The 10 Biggest Legal Mistakes Physicians Make When Filing a Disability Claim (Mistake #10)
Many physicians, dentists and other professionals who purchase disability insurance do not pay much attention to the policy and related documents once their application has been submitted and approved. Because of this, many of the professionals we consult with cannot find their policies when it comes time to file a claim, and many professionals are surprised to learn what their policies say, because they didn’t read them carefully when they first received them.
Ed Comitz’s article “The 10 Biggest Legal Mistakes Physicians Make When Filing a Claim for Disability,” published by SEAK, Inc. (2005), details ten of the most significant mistakes to avoid. The excerpt below explains why you should keep copies of all of your insurance documents:
MISTAKE NO. 10: Tossing Out Application, Policy, and Claims Documents
From the time of application forward, physicians should keep copies of everything (including notes from meeting with the insurer’s sale representative or agent, the policy application, and the policy itself). If the sales representative provided a letter or verbal representation that the physician jotted down, those notes can go a long way if the insurer says that the policy says something different. Similarly, information that the physician provided on the application may have a bearing on his or her reasonable expectations at the time of purchase.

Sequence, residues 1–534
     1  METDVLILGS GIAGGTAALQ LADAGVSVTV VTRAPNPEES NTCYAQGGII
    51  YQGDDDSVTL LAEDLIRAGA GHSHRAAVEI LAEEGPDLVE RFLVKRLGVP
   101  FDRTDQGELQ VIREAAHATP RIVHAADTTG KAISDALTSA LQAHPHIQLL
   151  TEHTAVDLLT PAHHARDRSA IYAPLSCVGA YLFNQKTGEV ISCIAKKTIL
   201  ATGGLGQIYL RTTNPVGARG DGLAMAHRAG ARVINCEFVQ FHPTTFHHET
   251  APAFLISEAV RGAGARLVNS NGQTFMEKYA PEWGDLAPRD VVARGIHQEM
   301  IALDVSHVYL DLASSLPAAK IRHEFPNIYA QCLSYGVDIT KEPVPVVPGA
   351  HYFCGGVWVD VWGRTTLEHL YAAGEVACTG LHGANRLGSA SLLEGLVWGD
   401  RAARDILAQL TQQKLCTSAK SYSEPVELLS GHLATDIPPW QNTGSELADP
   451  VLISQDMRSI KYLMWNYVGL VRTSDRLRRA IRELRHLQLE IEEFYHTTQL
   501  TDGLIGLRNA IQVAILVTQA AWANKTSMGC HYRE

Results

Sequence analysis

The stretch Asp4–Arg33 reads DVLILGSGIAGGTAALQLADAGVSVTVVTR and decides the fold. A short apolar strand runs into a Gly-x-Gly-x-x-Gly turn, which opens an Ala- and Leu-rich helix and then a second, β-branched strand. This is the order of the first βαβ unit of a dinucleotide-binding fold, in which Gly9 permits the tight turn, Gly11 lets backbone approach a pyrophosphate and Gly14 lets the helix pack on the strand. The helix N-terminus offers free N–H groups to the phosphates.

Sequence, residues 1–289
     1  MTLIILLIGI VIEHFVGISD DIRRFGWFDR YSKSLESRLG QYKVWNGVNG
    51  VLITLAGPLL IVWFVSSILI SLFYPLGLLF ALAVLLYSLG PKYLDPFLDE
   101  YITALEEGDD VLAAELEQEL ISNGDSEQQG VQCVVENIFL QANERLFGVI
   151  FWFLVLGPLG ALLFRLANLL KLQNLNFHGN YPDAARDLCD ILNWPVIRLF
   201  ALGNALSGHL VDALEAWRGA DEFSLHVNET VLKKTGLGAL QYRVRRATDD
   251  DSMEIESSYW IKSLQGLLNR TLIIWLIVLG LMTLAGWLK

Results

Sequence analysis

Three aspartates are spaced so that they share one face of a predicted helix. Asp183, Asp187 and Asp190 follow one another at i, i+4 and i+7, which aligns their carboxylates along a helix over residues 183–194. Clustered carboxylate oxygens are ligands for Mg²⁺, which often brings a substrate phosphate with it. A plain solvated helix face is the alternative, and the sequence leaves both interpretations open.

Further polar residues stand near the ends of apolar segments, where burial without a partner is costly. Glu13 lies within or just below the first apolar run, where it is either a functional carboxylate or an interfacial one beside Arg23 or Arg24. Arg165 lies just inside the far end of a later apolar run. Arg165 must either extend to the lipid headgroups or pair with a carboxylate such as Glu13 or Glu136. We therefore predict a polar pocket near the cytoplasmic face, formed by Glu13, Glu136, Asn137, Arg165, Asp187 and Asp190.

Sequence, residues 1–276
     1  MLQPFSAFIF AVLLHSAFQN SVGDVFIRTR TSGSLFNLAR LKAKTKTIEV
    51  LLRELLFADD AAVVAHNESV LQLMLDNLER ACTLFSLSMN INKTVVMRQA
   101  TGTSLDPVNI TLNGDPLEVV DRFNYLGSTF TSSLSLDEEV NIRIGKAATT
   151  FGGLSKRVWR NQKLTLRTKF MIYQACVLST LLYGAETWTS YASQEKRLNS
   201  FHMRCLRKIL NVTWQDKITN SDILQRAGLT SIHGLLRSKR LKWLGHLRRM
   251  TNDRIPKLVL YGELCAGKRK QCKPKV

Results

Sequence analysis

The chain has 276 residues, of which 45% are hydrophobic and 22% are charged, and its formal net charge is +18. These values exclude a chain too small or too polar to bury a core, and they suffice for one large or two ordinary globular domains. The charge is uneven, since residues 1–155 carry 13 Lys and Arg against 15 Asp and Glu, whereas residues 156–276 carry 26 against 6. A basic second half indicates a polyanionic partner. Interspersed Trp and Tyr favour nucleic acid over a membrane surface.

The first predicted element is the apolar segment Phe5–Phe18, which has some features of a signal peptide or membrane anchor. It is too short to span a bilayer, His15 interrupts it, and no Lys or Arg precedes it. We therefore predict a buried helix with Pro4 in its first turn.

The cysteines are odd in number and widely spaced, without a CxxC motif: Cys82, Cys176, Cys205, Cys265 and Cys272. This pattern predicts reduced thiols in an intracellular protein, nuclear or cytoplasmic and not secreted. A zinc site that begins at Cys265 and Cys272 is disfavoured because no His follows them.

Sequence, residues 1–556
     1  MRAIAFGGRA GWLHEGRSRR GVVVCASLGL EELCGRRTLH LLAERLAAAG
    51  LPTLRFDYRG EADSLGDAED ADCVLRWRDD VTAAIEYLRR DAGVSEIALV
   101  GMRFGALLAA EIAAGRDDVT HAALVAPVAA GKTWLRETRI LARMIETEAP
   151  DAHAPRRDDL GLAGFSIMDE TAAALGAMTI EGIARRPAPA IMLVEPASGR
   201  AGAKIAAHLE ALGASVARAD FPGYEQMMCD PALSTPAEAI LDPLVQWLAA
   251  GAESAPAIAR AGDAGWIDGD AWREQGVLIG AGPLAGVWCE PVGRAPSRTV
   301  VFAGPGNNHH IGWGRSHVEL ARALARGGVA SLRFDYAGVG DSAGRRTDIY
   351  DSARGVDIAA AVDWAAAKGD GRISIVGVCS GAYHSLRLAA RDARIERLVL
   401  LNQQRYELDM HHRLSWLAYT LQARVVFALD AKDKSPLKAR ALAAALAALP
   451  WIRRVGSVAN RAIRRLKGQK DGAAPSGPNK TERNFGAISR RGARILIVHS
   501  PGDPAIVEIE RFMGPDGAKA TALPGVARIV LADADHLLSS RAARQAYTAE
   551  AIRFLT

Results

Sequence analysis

Action Step: Physicians should keep all of the disability insurance papers and notes in an organized file.
If you end up losing your policy, you do have a right to request a duplicate copy from your insurer. However, it can take several weeks for insurers to process these requests, and your insurer may also use the request as an opportunity to interview you before you know what your policy says, and before you have a chance to speak with a disability insurance attorney about your claim.
Depending on your condition and the progression of your symptoms, if you don’t keep a copy of your policy, you may also be forced to decide whether you are going to file a claim without a complete understanding of what your policy says. This is not a position you want to be in, and it is therefore best to keep all of your policy documents so that you have them on hand if you need them.
To learn more about some of the tactics insurers use to deny claims and other mistakes to avoid, click here.